At first we treated it as a joke, but when we saw the gentleman standing at the corner of Bourbon and Desforges Streets armed with two objects which appeared to be a tin (perhaps containing the substance) and a brush, we realized that it was something serious. After having followed his moves for an hour or so, we alerted the police.
Two CID Officers and two police constables were posted in the vicinity of our office. The presence of the police made the gentleman suspect that his plan has leaked out and he retired; later he confessed to the police that he did it in a moment of excitement.
We like to believe that he was sincere, because he did not return. We seize this opportunity to congratulate the police for its swiftness and the tact with which the situation was handled.
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The Test Case
Education Dept. v/s R. Gajadharsingh
The case of the Education Department v/s R. Gajadharsingh came before the R. Hill District Court last Tuesday. Mr Garrioch appeared for the Government and Mr Bhuckory for the Defendant.
His Honour Mr Hughes, the district magistrate, after consulting Mr Garrioch and Mr Bhuckory, postponed the case to the 26th of April to deliver his judgment on the two objections in law raised by Mr Bhuckory some time ago. He said he could not be ready with his judgment because he was informed somewhat late that Govt had the intention of proceeding with the case.
Readers will remember that the last time when the case was postponed Mr Garrioch had declared that the parties might come to an agreement.
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A M. Georges Sylvain
Monsieur le Rédacteur
Dans le Cernéen du 11.03.54, M Georges Sylvain écrit : … Et malgré tout ce déploiement des forces subversives le candidat patroné par les nationalistes hindous et les travaillistes Mr Delaitre fut battu par le « Vieux ramolli ! »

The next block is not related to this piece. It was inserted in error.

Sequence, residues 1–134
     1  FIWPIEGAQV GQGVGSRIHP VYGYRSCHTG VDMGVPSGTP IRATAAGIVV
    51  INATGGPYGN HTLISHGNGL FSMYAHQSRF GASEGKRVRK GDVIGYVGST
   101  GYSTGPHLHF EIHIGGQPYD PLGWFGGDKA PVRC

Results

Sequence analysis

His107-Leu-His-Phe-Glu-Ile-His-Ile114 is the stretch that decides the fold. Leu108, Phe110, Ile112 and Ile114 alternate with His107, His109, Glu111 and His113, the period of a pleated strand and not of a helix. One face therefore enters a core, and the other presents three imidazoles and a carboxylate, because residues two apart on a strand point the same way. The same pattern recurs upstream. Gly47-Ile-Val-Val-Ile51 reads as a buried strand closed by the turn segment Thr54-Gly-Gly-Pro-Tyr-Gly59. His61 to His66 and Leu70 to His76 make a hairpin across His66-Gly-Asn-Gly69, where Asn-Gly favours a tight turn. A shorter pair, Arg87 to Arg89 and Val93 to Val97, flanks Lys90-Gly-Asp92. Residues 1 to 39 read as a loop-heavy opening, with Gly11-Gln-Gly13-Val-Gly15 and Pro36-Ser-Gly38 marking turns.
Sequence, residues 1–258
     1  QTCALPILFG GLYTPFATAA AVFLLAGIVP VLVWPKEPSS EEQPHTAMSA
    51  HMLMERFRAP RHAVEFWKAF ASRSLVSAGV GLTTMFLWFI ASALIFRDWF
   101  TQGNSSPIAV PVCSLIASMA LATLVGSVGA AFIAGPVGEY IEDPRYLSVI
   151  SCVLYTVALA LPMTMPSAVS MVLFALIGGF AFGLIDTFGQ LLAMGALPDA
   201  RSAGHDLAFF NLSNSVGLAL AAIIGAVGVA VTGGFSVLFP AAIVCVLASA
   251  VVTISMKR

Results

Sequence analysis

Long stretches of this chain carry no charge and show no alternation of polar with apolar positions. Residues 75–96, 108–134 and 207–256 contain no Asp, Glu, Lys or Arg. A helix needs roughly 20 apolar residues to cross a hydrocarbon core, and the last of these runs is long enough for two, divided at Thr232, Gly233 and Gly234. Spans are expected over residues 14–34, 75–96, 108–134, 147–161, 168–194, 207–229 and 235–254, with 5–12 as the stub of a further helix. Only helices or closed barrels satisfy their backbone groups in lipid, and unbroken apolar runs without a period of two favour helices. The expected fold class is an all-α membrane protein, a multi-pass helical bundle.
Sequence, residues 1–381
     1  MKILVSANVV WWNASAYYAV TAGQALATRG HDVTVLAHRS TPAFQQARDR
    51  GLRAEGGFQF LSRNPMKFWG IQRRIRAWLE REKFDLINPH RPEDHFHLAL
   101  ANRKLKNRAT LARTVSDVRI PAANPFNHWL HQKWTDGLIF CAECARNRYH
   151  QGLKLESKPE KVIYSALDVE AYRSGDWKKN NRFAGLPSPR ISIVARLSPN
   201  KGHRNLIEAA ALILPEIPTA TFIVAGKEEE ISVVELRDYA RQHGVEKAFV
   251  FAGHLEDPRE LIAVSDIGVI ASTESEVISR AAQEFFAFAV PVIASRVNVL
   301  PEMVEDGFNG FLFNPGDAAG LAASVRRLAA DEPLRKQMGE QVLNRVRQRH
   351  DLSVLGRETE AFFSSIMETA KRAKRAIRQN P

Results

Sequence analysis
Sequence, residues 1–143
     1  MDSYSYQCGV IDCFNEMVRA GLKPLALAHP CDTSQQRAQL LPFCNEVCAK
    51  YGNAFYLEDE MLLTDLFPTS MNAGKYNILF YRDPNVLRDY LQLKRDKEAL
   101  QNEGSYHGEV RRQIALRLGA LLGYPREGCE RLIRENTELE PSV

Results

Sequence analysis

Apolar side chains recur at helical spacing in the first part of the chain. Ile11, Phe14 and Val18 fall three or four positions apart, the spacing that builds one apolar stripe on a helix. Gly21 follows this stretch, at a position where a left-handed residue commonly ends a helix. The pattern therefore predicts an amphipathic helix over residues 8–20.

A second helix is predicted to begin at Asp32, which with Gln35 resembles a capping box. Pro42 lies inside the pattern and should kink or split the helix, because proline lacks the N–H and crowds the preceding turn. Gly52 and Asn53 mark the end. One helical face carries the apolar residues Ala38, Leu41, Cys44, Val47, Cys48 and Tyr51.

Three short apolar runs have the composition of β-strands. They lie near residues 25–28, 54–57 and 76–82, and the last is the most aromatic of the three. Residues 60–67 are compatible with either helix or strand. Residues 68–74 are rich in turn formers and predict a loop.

D’après cet article les Indo-mauriciens qui ont travaillé et voté pour Mr Delaitre, un membre de la population de couleur, sont des nationalistes.
Donc, d’après M. G. Sylvain pour que les Indo-mauriciens ne soient pas taxés nationalistes ils auraient dû voter pour le Candidat Franco-Mauricien. Voilà une opinion bizarre de ce grand M. Sylvain. Peut-être il aurait l’obligeance d’informer le public :
1. Combien de Franco-Mauriciens ont voté pour Mr Delaitre ?
2. Combien d’argents électoraux Franco-mauriciens ont travaillé pour Mr Delaitre ?
3. De quelle communauté appartient la personne qui avait insulté une parente d’un candidat ?
4. Un agent électoral
(M.Times – 1st April 1955)
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Parliamentary Privilege – Its Legal Aspect
Last week Dr Millien drew the attention of the President of our Council to an “Opinion du Jour” published in Le Cerneen dealing with Parliamentary Privilege. The President’s final decision is yet unknown.
In his article N.M.U. has questioned the right of our MLC’s (Members of Legislative Council) to attack with impunity anybody they fancy and hide behind parliamentary immunity.
Le Mauricien too has voiced its feelings on this matter. In one of its manchettes, it has in its characteristic way, stood up for the Freedom of the Press.
It would indeed be a sad reflection on democracy, if democracy were to breed privileges allowing their beneficiaries absolute right to attack anybody and allowing the State to muzzle the Press.
It is to curb the unbridled urges and passions of M.L.C’s that the Mauritius (Legislative Council) Orders in Council, 1947 to 1952, enact the following:
“23 A. It shall be lawful, by laws enacted under this Order, to determine and regulate the privileges, immunities and powers of the Legislative Council and its Members, but no such privileges, immunities and powers shall exceed those of the Commons House of Parliament of the United Kingdom of Great Britain and Northern Ireland or of the Members thereof.”
That excerpt is part of the preamble of the Legislative Council (Privileges, Immunities and Powers) Ordinance, 1953.
It is clear from the above that parliamentary privileges have their limits. Freedom of the Press seems to be threatened by Subsection (n) of Section 6 of the Ordinance, which defines “Contempt of the Council”.
Subsection (n) of Section 6 defines Contempt of the Council as:
“Publishing any defamatory statement or writing upon the Council or any Committee, or upon any Member, touching, or relating to his character or conduct as a member and with regard to actions performed or words uttered by him in the Council.”
Fortunately for the Freedom of the Press, Subsection (n) does not stop there. It goes on: “Provided that no statement shall be held to be defamatory statement within the meaning of this paragraph unless it is punishable under Section 288 of the Penal Code Ordinance.”
In short, the Ordinance of 1953 gives our M.L.C’s some privileges to be exercised within prescribed limits and safeguards the Freedom of the Press.
One need not shudder at the thought of getting a parliamentary punch at some improper place. Just as the journalist, the parliamentarian is not allowed to hit below the belt.
(M.Times – 25 March 1955)